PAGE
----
Please believe I am not bragging when I say that for many years now, people from all over the world have found the Messianic devotionals I have written to be helpful and inspiring for their daily walk in Yeshua. I give all glory and praise to Adonai for this, because whatever encouragement or insight I have to offer, it is only because I have gained it (usually the hard way!) by His loving and compassionate hand.
Yet, I mention this not to call attention to myself or the character of the devotionals, but to point out the fact that we as believers in Yeshua primarily seek information and inspiration for one purpose: self-edification. While I am personally pleased that my writings have been edifying for so many, the purpose of the devotionals (as well as everything produced through Perfect Word) has never been for self-edification, but always for discipleship—the means by which we first become edified, then multiply that edification by passing it on to others. This, however, is not the way most of us approach a “devotional” or any other kind of spiritual experience—rather, it is generally with the intent to focus ourselves on the Master and increase our devotion to Him.
Such goals are in no way wrong. On the contrary, in a world that is constantly trying to steal our focus away from God, we need to use every means possible to keep our hearts and minds dedicated and devoted to Him. Where we do go wrong, however, is that we tend to stop there, feeding only ourselves, and forgetting the most important reason to increase our own devotion: everyone else. Indeed, the walk we walk in Messiah is ultimately not for our own benefit; rather, “Let no one seek [good for] himself, but each [one for] another’s.” (1Co. 10:24)
It is because of this Scriptural imperative that, when I write a devotional, I think of it not merely as a devotional, but rather as a “disciplnal.” (Completely awkward, yes, I know. It will never catch on—but, hey, it works for me.) By seeing through this lens, it helps me to stay focused on why I am not writing the devotionals, in the hopes that they will yield the desired result when someone else is reading them. In other words, it is not my goal to offer a few inspiring but fleeting moments of spiritual stimulation or encouragement, but to provide a tool by which others will be discipled and therefore equipped to turn around and make more Yeshua-disciples of their own.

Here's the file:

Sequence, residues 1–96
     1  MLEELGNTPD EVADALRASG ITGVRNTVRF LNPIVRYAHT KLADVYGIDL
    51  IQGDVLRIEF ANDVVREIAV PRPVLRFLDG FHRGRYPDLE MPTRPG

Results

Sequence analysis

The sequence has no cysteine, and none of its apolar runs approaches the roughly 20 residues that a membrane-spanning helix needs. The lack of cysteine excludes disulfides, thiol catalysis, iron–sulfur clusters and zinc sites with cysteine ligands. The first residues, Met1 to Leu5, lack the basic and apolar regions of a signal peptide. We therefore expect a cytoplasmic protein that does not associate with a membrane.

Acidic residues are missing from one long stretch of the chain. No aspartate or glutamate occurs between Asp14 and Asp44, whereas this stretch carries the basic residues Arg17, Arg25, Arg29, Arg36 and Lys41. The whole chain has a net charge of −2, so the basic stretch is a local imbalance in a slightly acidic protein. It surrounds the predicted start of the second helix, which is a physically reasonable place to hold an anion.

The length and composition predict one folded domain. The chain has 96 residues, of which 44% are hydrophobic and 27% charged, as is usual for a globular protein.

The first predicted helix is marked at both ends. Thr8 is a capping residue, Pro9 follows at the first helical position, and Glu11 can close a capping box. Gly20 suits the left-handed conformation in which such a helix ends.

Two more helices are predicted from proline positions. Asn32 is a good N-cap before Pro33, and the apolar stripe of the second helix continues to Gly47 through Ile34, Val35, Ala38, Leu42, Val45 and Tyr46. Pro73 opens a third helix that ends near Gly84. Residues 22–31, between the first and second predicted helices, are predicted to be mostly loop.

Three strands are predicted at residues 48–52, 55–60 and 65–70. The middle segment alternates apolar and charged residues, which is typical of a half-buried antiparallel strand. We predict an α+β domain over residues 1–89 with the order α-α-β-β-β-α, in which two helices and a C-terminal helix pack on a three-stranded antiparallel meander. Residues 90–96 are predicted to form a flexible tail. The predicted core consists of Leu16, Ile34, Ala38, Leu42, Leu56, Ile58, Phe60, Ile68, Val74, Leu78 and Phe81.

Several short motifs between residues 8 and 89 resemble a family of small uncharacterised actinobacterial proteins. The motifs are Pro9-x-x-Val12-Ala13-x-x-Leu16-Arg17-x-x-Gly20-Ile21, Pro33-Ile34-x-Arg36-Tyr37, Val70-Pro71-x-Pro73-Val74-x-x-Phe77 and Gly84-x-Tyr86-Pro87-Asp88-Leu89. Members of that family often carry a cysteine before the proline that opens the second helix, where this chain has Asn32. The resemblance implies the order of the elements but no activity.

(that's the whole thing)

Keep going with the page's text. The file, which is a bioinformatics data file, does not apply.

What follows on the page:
That said, I am not naïve enough to think that the few minutes it takes to read one of my devotionals is sufficient to make a disciple. What I do believe, however, is that the content of the devotionals (which, of course, is based on and includes Scripture), coupled with their consistent, daily reading and devotional reflection, is likely to have a measurable, lasting effect. By the time you reach the end of one of the devotional books, a change in thinking and behavior will have been imparted to you. Suddenly, you have become a link in an unbreakable chain, participating in an ancient tradition engraved on the template of Scripture: when “in person” is not possible, the life of Messiah may be passed on from writer to recipient. And indeed, it is discipleship.
So even though I may not be able to physically sit across the lunch table from you, pouring my daily walk and passion for the Scriptures into your life, my hope is that through the devotionals, the “inspiration” you receive will motivate you to not hoard the life of Messiah for yourself, but to zealously give it away to someone else. Maybe it’s someone from your congregation, your neighborhood, or workplace—perhaps even someone in your own home. Whoever it is, if you have received in discipleship, then in discipleship you are equipped to give.
I want to encourage you to begin thinking beyond the boundaries of yourself, and invite someone else to share in your secret place. I think you’ll be pleasantly surprised to discover just how much you have to give… and how much you will be edified by giving yourself away.